If you’re not using Ruby to automate some part of your job or life, I feel sad for you (at least a little). The next time you need to generate PDFs, why not try out the excellent Prawn library? Not familiar, you say? Well, let’s dive right in, shall we?
For those of you that used Prawn in an earlier 0.3 form, it’s recently been drastically improved and released as 0.7 in a push towards 1.0. The APIs are very full featured (if sometimes a wee bit clunky–but PDF generation is a messy business) and simple to use. All of this is even better when integrating Prawn into Rails as a template builder using prawnto:
Old Worlders are particularly sensitive to certain things that are simply non-issues to New Worlders. We learned about computers from the inside out. Many of us became interested in computers because they were hackable, open, and without restrictions. We worry that these New World devices are stifling the next generation of programmers. But can anyone point to evidence that that’s really happening? I don’t know about you, but I see more people carrying handheld computers than at any point in history. If even a small percentage of them are interested in “what makes this thing tick?” then we’ve got quite a few new programmers in the pipeline.
The reason I’m starting to think the Old World is ultimately doomed is because we are bracketed on both sides by the New World, and those people being born today, post-iPhone and post-iPad, will never know (and probably not care) about how things used to work. Just as nobody today cares about floppies, and nobody has to care about manual transmissions if they don’t want to.
Upgrading applications is good sport and all, but everyone knows that greenfielding is where the real fun is. At least, I love greenfielding stuff a lot more than dealing with old ghetto cruft that has 1,900 test failures and 300 errors, 20,000 line controllers, and code that I’m pretty sure is actually a demon-brand of PHP.
Building a totally new app in Rails 3 is relatively simple especially if you’ve done it in previous Rails versions, but there a few changes that can trip you up. In the interest of not missing a step someone may need, this post is a simple walkthrough of building a new app with Rails 3.
While the Python version may not be quite as pretty, nothing about them screams “Ruby has much stronger capabilities here”. Instead, by using examples like Sinatra, Rubyists trade in an argument about great semantic power for one about superficial beauty.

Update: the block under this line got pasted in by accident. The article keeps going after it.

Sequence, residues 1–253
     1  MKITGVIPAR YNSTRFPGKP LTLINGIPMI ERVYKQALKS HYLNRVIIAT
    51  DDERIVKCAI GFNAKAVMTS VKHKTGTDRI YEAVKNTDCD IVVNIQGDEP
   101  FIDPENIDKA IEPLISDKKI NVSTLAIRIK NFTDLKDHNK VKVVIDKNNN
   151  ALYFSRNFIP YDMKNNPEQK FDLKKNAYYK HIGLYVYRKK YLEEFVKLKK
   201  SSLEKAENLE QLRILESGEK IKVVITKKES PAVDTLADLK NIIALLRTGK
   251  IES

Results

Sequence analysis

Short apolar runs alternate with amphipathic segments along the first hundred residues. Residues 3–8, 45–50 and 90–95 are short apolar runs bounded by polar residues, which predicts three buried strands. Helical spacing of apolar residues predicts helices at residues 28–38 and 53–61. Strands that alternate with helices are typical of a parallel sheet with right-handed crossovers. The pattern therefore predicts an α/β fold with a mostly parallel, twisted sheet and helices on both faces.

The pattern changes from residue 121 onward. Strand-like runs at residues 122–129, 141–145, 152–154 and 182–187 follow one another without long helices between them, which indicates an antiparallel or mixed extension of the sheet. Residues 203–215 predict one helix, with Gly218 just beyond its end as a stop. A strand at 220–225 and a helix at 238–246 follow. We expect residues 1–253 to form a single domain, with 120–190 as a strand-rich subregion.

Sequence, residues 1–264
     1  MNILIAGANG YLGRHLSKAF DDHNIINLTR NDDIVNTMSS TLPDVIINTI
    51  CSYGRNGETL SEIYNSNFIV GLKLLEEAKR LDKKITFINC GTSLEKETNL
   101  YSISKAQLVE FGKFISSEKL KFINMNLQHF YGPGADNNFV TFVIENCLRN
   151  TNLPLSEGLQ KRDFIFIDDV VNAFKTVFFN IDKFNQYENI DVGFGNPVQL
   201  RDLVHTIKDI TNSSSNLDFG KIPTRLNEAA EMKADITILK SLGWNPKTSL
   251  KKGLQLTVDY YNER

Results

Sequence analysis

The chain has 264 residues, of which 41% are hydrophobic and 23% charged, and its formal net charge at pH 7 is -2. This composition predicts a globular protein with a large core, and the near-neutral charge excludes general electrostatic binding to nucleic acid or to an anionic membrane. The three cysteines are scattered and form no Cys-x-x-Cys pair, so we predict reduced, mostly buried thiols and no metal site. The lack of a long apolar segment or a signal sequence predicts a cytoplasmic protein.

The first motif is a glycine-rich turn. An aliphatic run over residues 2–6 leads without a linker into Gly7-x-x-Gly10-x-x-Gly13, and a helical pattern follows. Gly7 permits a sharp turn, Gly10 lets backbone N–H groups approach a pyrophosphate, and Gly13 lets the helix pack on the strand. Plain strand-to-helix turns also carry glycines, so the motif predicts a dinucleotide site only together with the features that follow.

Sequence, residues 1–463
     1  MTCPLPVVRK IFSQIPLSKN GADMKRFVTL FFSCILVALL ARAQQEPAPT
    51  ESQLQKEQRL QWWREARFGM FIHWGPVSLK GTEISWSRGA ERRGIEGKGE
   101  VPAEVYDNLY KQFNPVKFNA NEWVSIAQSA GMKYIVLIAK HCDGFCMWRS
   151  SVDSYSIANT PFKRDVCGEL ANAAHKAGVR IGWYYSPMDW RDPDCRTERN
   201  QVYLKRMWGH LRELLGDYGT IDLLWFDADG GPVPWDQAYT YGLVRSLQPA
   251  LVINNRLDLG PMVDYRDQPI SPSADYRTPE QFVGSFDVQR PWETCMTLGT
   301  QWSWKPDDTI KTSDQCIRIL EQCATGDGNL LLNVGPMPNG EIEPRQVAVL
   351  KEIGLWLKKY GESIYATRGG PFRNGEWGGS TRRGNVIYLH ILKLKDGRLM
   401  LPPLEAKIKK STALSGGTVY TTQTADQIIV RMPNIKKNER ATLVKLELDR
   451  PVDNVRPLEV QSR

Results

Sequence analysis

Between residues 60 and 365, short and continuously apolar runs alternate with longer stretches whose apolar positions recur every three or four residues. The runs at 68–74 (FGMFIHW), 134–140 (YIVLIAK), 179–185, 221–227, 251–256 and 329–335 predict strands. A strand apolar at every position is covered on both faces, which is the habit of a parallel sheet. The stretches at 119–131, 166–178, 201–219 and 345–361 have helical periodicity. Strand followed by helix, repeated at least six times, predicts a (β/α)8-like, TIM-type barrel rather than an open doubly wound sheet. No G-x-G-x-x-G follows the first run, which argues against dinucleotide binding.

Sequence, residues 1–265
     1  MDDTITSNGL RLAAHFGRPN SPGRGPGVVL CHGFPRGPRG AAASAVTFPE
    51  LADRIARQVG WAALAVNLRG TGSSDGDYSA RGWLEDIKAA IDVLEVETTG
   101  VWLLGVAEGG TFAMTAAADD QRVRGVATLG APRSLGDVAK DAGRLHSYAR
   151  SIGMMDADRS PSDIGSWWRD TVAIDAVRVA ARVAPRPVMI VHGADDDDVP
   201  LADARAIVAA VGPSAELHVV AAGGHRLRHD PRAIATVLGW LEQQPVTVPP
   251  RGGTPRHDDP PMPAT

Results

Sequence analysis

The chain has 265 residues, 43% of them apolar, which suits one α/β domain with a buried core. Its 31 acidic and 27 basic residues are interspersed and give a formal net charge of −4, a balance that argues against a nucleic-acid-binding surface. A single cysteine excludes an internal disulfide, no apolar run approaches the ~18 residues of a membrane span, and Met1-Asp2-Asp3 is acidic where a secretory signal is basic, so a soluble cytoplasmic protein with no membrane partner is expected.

On the Ruby side, when PHP or Java announces that they’re “adding closures”, many of us don’t stop to ask “what kind of closures?”
Let’s cut to the chase and use a better example of the utility of Ruby blocks.
I read a great article last week about the complexity and power of computers vs. what most non-Gen-X-ers want and it really got me thinking about the iPad.
The audience for the iPad is larger than the audience for the iPhone, even larger than the audience for a Mac. It’s a nearly complete computer replacement for a whole segement of the population. Some college students have the potential to get by without a computer at all. Imagine if everything fit into your $800, top-of-the-line device that you carried around under your arm. You could read your textbook, take notes, listen to music, watch movies, check e-mail… scratch that, check Facebook, browse YouTube, compose your paper, balance your budget and map out where to eat after study hall. It’s a fully functional device that is a tiny dent in their pocketbooks compared to a laptop.
Some tech-guy’s non-tech wife is going to learn to love this thing. She’s going to easily sync all of her music onto it and appease the kids during a long car ride by playing songs they like and distracting them with a kid movie that is downloaded straight to the device. She’s going to read her blogs about Twilight and Harry Potter while she’s waiting for the kids to come out to the car after class. She’s going to be bored one night and buy a few books on the iBookstore and realize how incredibly easy it is to access it. Instead of having to go to a specific website, her husband is going to install Mint on her iPad and she’s going to be able to see what their balances are at just about any time. And when she’s not using it, she’s not going to complain that it makes the house look junky, because it’s going to sit on their desk and show pictures of the latest family vacation in a beautiful slide show.
And your grandmother is going to love this. You’re going to give her the 3G version for Christmas and show her how to activate the $15/month connection whenever she needs it. She’s going to check her e-mail and see the pictures you attached. She’s going to have her calendar right there and she’s going to be thrilled with the fact that she can syndicate with your calendar and know when you’re unavailable. She’s going to be extatic about the kids pictures that she can so easily download and the little bit of web surfing she does works great on the iPad. It’s a complete computer replacement for her.
And it’s also a complete computer for small children. Imagine children’s educational apps, especially ones that take the outside edge of the device and ignore any input. Imagine kids that get a specific amount of time to watch movies and listen to their favorite music. Imagine them playing a few games as well. Do they even care about having a “real” computer? And how expensive is it? Not very expensive at all. $500 for a “kid friendly” version–a Christmas + Birthday present for a 6 or 7 year old…
And it will work great for sales, for businessmen on the go… there is a huge segement of the population that is about to get a very cheap and very high-tech computing device that they can take anywhere.
Will it replace the laptop or the desktop? Not by a long shot. Will it reduce their sales? Possibly. Will it increase adoption in general. You betcha.